Decarbonising heat: The role of heat networks
Heat networks are not a recent phenomenon – the first one in the UK opened in Pimlico in the 1950s, and they have increasingly become a feature of new developments. But they now form a significant element of the UK Government’s
strategy to decarbonise heating particularly for high-density urban areas. The Climate Change Committee estimates that around 18% of UK heat could come from heat networks by 2050.
Heat networks have their own specific challenges, and lack the regulatory framework given to regulated utilities. This places greater emphasis on contractual protections, and connections to existing networks need careful due diligence. Plus, the regulatory landscape is changing. Current and proposed changes to legislation and building regulations to drive the transition to net zero will affect heat networks, both existing and new.
Legacy heat networks, some of which have been in operation for decades, will need a decarbonisation strategy as the market shifts away from gas. The changes to building regulations also make it difficult for new developments to connect to existing heat networks unless they are decarbonised.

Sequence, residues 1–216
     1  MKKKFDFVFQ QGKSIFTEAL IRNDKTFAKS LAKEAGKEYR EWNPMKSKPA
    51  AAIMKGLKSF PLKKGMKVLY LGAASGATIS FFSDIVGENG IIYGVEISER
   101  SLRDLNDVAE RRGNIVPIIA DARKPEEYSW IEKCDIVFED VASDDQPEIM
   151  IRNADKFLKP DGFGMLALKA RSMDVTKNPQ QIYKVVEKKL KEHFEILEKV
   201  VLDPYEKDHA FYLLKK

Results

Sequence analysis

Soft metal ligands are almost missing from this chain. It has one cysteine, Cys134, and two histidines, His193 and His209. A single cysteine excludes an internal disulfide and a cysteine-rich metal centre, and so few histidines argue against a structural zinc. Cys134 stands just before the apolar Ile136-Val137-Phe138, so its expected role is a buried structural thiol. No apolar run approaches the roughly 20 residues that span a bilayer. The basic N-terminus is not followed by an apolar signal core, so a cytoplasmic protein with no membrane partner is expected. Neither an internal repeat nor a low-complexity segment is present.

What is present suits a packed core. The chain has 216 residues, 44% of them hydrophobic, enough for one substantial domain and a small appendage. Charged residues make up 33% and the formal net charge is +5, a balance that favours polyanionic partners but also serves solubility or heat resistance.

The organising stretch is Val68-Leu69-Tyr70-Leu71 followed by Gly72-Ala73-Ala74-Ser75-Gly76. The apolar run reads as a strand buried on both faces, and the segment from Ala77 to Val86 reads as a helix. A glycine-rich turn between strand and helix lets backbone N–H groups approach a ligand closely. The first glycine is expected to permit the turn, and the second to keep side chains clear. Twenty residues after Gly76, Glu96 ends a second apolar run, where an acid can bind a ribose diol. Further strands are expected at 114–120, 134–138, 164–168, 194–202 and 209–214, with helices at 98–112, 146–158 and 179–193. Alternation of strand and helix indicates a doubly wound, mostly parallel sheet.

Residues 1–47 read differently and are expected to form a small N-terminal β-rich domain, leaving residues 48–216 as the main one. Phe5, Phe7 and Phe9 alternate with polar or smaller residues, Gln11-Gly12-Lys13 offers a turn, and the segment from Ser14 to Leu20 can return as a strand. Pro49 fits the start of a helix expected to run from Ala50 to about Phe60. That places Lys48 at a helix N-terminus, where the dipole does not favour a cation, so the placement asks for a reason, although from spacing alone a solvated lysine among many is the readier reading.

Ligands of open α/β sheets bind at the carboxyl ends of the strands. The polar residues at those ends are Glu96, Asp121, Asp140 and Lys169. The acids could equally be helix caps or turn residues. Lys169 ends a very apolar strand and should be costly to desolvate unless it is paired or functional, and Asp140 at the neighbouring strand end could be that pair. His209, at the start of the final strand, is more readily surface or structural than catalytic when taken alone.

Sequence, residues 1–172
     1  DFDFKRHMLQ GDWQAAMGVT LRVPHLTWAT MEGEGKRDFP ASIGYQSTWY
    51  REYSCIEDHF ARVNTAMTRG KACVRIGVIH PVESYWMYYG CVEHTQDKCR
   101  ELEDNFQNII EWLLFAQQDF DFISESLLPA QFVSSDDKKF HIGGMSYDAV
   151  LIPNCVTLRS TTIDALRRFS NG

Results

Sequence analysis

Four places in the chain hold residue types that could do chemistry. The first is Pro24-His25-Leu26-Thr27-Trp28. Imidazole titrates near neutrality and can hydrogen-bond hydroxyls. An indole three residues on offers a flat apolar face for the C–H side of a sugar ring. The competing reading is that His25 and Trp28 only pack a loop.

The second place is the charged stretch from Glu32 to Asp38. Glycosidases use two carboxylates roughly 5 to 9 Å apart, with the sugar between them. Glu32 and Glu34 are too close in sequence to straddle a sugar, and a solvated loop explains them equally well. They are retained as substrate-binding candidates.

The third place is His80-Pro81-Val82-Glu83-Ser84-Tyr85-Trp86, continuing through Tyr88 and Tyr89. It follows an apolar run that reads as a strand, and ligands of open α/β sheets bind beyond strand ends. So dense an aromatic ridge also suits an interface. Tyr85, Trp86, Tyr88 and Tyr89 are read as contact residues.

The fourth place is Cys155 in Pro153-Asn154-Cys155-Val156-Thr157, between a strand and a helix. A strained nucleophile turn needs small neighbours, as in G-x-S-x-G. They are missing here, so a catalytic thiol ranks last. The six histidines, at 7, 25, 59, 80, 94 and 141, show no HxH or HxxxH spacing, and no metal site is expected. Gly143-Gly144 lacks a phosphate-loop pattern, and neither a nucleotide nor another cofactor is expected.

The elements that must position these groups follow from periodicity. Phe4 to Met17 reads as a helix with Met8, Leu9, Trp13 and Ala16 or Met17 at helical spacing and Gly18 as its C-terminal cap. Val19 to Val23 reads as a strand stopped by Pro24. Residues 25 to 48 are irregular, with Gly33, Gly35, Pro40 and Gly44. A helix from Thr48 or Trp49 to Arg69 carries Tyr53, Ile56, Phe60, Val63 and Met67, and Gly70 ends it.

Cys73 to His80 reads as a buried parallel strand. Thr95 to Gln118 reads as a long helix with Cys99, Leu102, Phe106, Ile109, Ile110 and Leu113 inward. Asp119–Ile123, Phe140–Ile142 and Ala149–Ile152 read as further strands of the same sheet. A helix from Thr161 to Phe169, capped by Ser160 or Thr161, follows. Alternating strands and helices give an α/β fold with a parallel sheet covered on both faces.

The first step for developers is to get comfortable with treating heat like other regulated utilities. “If the heat generation plant isn’t located on your site, you are reliant on the contractual arrangements to ensure heat keeps flowing. And that can be a difficult step for some,” says Chris Paul, Partner.
Most developers are familiar with concession arrangements, where an energy services company (ESCO) is appointed on an exclusive basis to adopt the energy plant and provide heat. These were traditionally 25 year contracts, but the financial models supporting low carbon heating are driving longer concessions. Some ESCO models are also aligning with the regulated sector, with a push towards standardised contracts, supply terms and transfer of ownership.